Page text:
Rhodes will not fall: Oxford college says statue will stay

Oriel College voted last year in favour of removing the statue but said it would now not do so due to "regulatory and financial challenges".

FILE: A statue of British businessman and imperialist Cecil John Rhodes is pictured outside Oriel College at the University of Oxford in Oxford, west of London. Picture: AFP

LONDON - An Oxford University college said on Thursday it will not take down a controversial statue of the 19th-century colonialist Cecil Rhodes, despite having backed its removal.

Oriel College voted last year in favour of removing the statue but said it would now not do so due to "regulatory and financial challenges".

"In light of the considerable obstacles to removal, Oriel's governing body has decided not to begin the legal process for relocation of the memorials," it added.

The four-year campaign to remove the statue was reignited by the global explosion of Black Lives Matter demonstrations last year, following the killing in the United States of African-American George Floyd by a police officer.

It followed a similar protest - "Rhodes Must Fall" - against a statue of the colonialist at the University of Cape Town in South Africa

"It has been a careful, finely balanced debate and we are fully aware of the impact our decision is likely to have in the UK and further afield," said Oriel's provost Neil Mendoza.

"We understand this nuanced conclusion will be disappointing to some, but we are now focused on the delivery of practical actions aimed at improving outreach and the day-to-day experience of BME (students)."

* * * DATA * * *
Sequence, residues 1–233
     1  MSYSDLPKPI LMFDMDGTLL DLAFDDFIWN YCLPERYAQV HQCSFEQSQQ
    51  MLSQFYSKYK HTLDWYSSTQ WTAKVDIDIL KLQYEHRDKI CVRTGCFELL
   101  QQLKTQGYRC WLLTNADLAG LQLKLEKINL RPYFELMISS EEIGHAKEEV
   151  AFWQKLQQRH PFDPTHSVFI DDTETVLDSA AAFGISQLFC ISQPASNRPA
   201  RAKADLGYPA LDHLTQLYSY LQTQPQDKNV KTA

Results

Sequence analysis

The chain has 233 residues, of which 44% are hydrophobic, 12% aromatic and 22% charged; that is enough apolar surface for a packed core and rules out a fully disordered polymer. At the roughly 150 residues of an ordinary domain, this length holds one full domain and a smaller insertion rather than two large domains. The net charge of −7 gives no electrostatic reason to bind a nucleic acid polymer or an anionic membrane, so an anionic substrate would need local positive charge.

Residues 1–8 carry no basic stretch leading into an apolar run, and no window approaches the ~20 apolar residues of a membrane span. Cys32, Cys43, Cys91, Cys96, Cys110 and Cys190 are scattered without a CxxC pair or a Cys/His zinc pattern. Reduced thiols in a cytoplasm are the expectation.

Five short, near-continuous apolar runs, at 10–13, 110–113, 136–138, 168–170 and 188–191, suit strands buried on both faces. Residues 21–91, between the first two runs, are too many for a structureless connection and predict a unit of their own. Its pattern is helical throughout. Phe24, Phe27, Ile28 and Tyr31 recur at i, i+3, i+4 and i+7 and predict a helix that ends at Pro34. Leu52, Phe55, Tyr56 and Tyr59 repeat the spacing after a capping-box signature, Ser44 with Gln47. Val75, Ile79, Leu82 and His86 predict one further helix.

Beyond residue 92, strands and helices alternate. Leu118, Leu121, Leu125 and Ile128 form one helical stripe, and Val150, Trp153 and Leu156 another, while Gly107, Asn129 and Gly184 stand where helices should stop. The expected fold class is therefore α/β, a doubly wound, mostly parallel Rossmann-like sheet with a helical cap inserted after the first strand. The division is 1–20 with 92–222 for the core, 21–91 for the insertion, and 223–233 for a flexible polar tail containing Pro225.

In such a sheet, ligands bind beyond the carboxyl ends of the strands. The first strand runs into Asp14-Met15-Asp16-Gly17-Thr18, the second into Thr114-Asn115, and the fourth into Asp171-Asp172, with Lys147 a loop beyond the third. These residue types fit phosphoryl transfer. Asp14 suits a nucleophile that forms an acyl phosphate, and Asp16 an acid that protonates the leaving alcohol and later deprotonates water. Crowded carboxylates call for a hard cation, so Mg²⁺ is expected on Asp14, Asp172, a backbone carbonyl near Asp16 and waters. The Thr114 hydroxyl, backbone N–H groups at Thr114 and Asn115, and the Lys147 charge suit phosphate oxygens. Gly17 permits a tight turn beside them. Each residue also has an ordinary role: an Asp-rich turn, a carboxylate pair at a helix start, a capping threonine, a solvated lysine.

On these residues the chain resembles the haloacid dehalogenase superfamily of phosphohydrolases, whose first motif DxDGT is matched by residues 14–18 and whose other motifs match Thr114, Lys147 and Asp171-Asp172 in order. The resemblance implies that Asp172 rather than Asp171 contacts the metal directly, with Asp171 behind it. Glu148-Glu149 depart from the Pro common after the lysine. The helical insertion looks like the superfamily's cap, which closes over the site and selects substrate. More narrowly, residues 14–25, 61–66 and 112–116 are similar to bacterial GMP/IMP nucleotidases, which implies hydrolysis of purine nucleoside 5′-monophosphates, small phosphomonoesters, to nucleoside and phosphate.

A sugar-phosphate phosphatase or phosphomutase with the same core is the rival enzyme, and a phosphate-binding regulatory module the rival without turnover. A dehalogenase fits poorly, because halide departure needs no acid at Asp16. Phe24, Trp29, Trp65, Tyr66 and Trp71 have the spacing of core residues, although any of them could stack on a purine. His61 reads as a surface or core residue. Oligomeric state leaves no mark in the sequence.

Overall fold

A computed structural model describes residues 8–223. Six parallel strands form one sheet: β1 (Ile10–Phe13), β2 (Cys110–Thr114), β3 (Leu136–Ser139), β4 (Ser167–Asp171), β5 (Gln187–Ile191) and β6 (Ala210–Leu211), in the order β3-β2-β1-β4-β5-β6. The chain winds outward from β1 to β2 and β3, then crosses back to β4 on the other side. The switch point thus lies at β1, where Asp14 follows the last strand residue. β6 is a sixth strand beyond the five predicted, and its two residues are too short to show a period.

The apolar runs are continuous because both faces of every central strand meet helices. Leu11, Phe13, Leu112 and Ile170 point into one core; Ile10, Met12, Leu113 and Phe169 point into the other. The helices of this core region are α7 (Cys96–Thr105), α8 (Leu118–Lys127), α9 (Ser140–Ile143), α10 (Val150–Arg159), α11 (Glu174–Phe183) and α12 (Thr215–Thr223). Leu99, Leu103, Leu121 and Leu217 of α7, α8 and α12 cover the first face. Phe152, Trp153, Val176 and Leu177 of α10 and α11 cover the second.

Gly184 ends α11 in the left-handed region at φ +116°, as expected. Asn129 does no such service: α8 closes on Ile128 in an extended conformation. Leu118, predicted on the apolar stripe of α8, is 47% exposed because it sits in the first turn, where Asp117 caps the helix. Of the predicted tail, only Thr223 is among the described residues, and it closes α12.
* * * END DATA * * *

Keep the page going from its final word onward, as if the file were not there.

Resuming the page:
The college, which was founded in 1326, will instead focus on "improving educational equality, diversity and inclusion amongst its student cohort and academic community," it added.

An independent commission, established to consider the legacy of Rhodes, backed the college's original wish to remove the statue.

READ: Rhodes will go - Oxford college backs statue removal

But more than 500 students, alumni and members of the general public sent letters calling for it to stay in place.

The commission filed its report earlier this month after a 10-month study.

The report acknowledged "the considerable planning and heritage considerations involved in the removal of the statue which is situated on the college's Grade II listed High Street building.

"Removal of the statue would be subject to legal and planning processes involving the City Council, Historic England and the Secretary of State for Housing, Communities and Local Government," it added.

Campaigners had also demanded changes to the Rhodes scholarship, which has been awarded to more than 8,000 overseas students to study at Oxford University, since 1902.

Famous Rhodes scholars include US president Bill Clinton, astronomer Edwin Hubble, US television host Rachel Maddow, and former Australian prime ministers Bob Hawke, Tony Abbott and Malcolm Turnbull.

Rhodes - a white supremacist like many builders of the British empire - gave his name to Rhodesia - now Zimbabwe and Zambia - and founded the De Beers diamond company.

He studied at Oxford and left money to Oriel College after his death in 1902.

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